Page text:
21 July 2004
21 July 2004
The UK Department of Trade and Industry Trade and Industry Secretary Patricia Hewitt has announced a new £30 million network to disseminate lighter, stronger composites technologies for aerospace, automotive and other industries.
The National Composites Network is the first recipient of the DTI's new Knowledge Transfer Network grants from the Technology Programme announced in April.
The National Composites Network will have various regional centres, each of which will specialise in particular technologies. The first part of the network will be at the GKN Centre on the Isle of Wight, and will focus on automated manufacture. It will also help secure 700 high quality manufacturing jobs.
""Composite"" technologies are vital to aerospace and other transport industries because they can lead to lighter structures, allowing planes to use less fuel and carry heavier loads. Composite technology will also benefit other sectors including the UK's automotive, marine and construction industries.
Speaking at the Farnborough Airshow, Patricia Hewitt said that ""the UK is a world leader in research into composite materials, but we haven't exploited the technology as widely as we could - it's vital for manufacturers, who are responsible for 75% of all R&D in the UK, to have the best possible access to information”.
Hewitt added that ""the Composites Network will be an invaluable tool for companies working across sectors, from aerospace to construction. We have some of the best manufacturers in the world here, and the Government is committed to supporting innovative technologies in the UK, to maintain their success.""
The National Composites Network aims to bring together industry experts in composites, share knowledge in composites across different industries and between companies and help smaller companies source their research and development and access state of the art technology.
Other centres are planned in the South West, Wales and Yorkshire, each with a focus on specific technologies. The South West centre at Airbus will focus on technologies for large and technically advanced structures, the centre in South Wales at TWI will specialise in non-destructive testing technology, and the Yorkshire centre (run jointly by Sheffield University and Boeing) will focus on machining and joining. The Network will have a steering group of major composite users and contributors including Bombardier Aerospace in Northern Ireland, NPL and Qinetiq.
The Department of Trade and Industry is putting £4.75 million into the network from its Technology Programme, announced in April. The UK's various Regional Development Agencies are putting in a further 14 million, with industry contributions bringing the total funding up to £30 million.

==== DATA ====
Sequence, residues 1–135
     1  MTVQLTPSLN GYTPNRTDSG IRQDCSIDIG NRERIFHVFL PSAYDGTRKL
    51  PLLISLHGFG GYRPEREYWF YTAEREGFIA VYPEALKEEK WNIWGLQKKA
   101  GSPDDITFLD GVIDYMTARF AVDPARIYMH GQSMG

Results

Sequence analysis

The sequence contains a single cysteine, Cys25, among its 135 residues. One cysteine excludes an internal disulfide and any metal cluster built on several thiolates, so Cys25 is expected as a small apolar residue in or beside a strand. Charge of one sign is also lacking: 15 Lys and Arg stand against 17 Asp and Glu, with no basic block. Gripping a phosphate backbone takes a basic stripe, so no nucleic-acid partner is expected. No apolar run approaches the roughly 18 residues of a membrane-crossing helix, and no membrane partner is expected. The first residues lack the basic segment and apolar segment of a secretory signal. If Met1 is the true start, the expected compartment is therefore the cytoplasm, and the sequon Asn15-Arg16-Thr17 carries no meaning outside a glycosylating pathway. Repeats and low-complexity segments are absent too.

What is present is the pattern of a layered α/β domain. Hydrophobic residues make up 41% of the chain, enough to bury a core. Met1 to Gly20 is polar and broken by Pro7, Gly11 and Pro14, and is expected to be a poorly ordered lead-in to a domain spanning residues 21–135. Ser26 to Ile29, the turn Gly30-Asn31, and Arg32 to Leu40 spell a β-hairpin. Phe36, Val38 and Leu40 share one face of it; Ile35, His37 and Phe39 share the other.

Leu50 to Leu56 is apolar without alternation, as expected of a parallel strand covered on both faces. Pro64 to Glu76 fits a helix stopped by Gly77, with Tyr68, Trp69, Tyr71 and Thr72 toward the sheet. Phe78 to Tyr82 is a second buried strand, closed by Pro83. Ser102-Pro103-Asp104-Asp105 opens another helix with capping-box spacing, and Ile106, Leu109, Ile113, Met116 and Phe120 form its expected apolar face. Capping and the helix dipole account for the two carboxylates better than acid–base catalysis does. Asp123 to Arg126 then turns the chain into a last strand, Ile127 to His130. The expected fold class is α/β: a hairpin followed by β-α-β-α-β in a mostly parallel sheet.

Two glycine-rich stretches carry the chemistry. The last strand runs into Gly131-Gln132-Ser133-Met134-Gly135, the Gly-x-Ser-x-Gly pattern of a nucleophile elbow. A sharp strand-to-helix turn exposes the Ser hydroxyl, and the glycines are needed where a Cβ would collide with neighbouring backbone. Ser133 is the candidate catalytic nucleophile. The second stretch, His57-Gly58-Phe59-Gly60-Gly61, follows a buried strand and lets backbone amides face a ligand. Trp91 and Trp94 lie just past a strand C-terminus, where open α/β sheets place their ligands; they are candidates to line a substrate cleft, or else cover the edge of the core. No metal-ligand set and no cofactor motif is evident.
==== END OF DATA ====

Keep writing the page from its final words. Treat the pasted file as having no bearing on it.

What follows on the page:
Ms. Hewitt used her speech at the Farnborough Airshow to highlight other joint work being carried out by the Government and the aerospace sector and progress on last year's Aerospace Innovation and Growth Team (AeIGT) report:
The Chancellor's Comprehensive Spending Review announced last week provides additional funding for the DTI's Technology Strategy. Funding will increase by 140m per annum by 2007/8, which taken with the re-direction of existing spend on innovation will increase spending on the Technology Strategy to more than 250m per annum by 2007/8. Aerospace and other research-intensive sectors are all set to benefit from this investment.
Science Minister Lord Sainsbury is leading a cross-Government group to bring in an extra 50 million per year funding for civil aerospace research and development.
AeIGT is overseeing several pilot projects to develop future technologies in aerospace, including projects looking at:
The challenges of developing autonomous unmanned air vehicles
More environmentally friendly engines, reducing noise and air pollution
Electrical systems in aircraft, replacing current hydraulic systems
AeIGT is working with SEMTA, the Sector Skills Council for Science, Engineering and Manufacturing Technologies to identify the skills gaps in the aerospace industry.
Ms Hewitt added that “the Airshow is a great advert for the vibrant, exciting aerospace industry we have in the UK. The excellent work of the AeIGT is well on the way to being implemented by the Government and the industry working together. I know that Sir Richard Evans and his team will continue to work hard to deliver the technologies and skills that will maintain our position as a world leader in aerospace.
""I am confident that the Spending Review measures, together with the commitment from our partners in national and regional government, will enable us to meet the AeIGT's recommendations for a National Aerospace Technology Strategy, including the proposed 50m per annum increase in Government funding for civil R&T."" The creation of a National Aerospace Technology Plan was one of the major recommendations made last year by the Aerospace Innovation and Growth Team (AeIGT), a joint industry and government body chaired by Sir Richard Evans, formerly of British Aerospace. The AeIGT's report is available at www.sbac.co.uk/aeigt.
As the rail sector looks to new technologies to enable it to answer sustainability, performance and cost challenges, applications for pultruded composites are set to grow, according to a new report from the European Pultrusion Technology Association (EPTA). Lightweight, high performance, durable composites offer energy efficient solutions with lower environmental impact and reduced through-life costs in rolling stock and rail infrastructure.
Ceramicx, Ireland, has completed an 1800 m2 expansion to its production facility, doubling capacity for the manufacture of infrared heating equipment for the composites industry.
Solvay has inaugurated a new centre in Wrexham, UK, for manufacturing structural adhesives and surfacing films for the aerospace market.